Political, economic and social inclusion and exclusion in Bulgaria and Poland: an anthropological study

Third Party Funding: Volkswagen Foundation 2003-2004

Current project

I am currently working on a three year comparative study, with Deema Kaneff and two PhD students, Nastka Pilichowska and Zlatina Bogdanova, of kinship, exclusion and inclusion in Poland and Bulgaria . This research has been timed to coincide with Poland ’s accession to the European Union. The Polish ethnographic research is being carried out in eastern Poland , in the Lubelskie Voivodship, in the city of Lublin and in a village in the same region. This region is adjacent to the border with Ukraine , now the most eastern border of the European Union and one which we may expect to be increasingly monitored and contested. It is an area which has experienced high unemployment and concurrent economic decline since 1989. Now, although the economy is picking up in certain fields – agro tourism, ecological agriculture in the countryside, tourism, service sector growth and development of the universities in the city of Lublin itself – the region as a whole has entered the EU with the lowest GDP in the union.

My own research will be conducted in Lublin , and will focus particularly on kinship networks and changing family forms and ideologies. I look most closely at whether, how, and to what extent kinship plays a role in migration (both rural-urban and inter regional/national), in economic exchanges and survival strategies, in gaining access to or being excluded from cultural and symbolic (political) capital, and in providing a safety net in terms of social security with the retraction of state services. My emphasis is on the processes and practices of ‘everyday’ kinship, and on the types of exchange, reciprocity and indeed exclusions which characterize networks based on kinship, friendship and locality, membership in civil organisations, or other sites of ‘belonging’.


I studied anthropology as an undergraduate at the University of British Columbia, and then went on to do my M Phil and PhD at the London School of Economics. My M Phil thesis was a study of kinship, gender and urbanization in West Africa. After this I changed the geographical emphasis of my research to eastern Europe and what was then the "communist bloc". My PhD fieldwork was carried out in a small Gorale village in the foothills of the Tatra Mountains in Poland. I lived there from 1977 to 1979; my doctoral thesis was a study of kinship and marriage, gender and inheritance in this region. I was particularly interested in gender relations, property relations, and processes generating and reproducing inequality, all of which are areas which have continued to be central to my work. I continued to do research in this village throughout the Solidarity period, the period of martial law which followed, and most recently throughout the 'post-socialist transition.' I have always taken an historical perspective, and have at different times drawn heavily on parish records, land records, wills and other archive materials, and individual life stories. While my earlier work focused on household structure and domestic economy, and various different forms, and strategies, of reproduction of the house through kinship and reciprocity, the informal economy, and land, property and inheritance, I have become increasingly interested in ways in which senses of belonging, ideas of personhood, and relations of kinship and sociality are created and reproduced through economic practice which link the local to the national and the global on the one hand, and different types of local knowledge on the other. Most recently, I have been interested in landscape, place and memory in this region, and I am currently looking at ways in which these form the basis of sense of personhood and self, and become the main metaphors for kinship, sociality and relatedness.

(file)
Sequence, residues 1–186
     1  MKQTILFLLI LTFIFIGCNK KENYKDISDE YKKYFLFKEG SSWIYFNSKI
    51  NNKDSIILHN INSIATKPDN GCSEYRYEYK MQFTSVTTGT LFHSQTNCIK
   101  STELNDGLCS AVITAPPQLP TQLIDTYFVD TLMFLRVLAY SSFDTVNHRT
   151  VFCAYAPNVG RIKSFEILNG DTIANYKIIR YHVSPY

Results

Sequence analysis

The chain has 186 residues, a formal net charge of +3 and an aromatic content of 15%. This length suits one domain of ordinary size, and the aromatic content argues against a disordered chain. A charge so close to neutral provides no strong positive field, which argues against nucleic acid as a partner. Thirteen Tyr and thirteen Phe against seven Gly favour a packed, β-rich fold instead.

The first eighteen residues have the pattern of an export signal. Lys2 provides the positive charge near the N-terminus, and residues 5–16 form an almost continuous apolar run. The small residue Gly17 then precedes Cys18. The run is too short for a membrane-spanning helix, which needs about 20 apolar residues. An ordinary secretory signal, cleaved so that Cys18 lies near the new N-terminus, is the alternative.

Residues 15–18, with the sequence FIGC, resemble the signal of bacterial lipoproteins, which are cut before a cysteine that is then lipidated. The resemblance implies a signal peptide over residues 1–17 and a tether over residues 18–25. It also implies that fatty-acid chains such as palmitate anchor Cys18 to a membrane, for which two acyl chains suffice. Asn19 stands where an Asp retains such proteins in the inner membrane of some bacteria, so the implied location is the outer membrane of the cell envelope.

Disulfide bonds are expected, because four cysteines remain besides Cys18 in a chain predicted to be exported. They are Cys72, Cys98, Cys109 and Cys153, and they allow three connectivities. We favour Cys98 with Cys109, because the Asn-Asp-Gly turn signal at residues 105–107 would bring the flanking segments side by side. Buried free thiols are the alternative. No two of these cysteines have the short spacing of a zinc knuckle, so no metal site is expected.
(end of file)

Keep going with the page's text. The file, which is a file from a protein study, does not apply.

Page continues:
After the collapse of the socialist state, I became increasingly concerned with the impact of economic restructuring, the opening of international borders, and the re-arrangement of both local economies and transnational economic relations. I began a new period of fieldwork in central Poland, in the city of Lodz and the adjacent countryside. From 1991 to 1996 I concentrated particularly on women's survival strategies in the face of the state's draconian restructuring of industry and the social sector, massive unemployment among textile workers, and for the women themselves intense feelings of loss and displacement. The difference in local responses to the emerging market economy in the Lodz and the highland areas during this period were striking: many Gorale, historically extremely poor, marginal and excluded mountain shepherds and small holders, have proved to be adept at the juggling, movement and flexibility called for in dealing with the new capitalism; the more integrated, central industrial workers, who had been full participants in the 'modern' project of socialism, have found it much more difficult to respond positively to the new order. My current research in Lublin picks up and pursues these issues in a new fieldwork setting.

Go to Editor View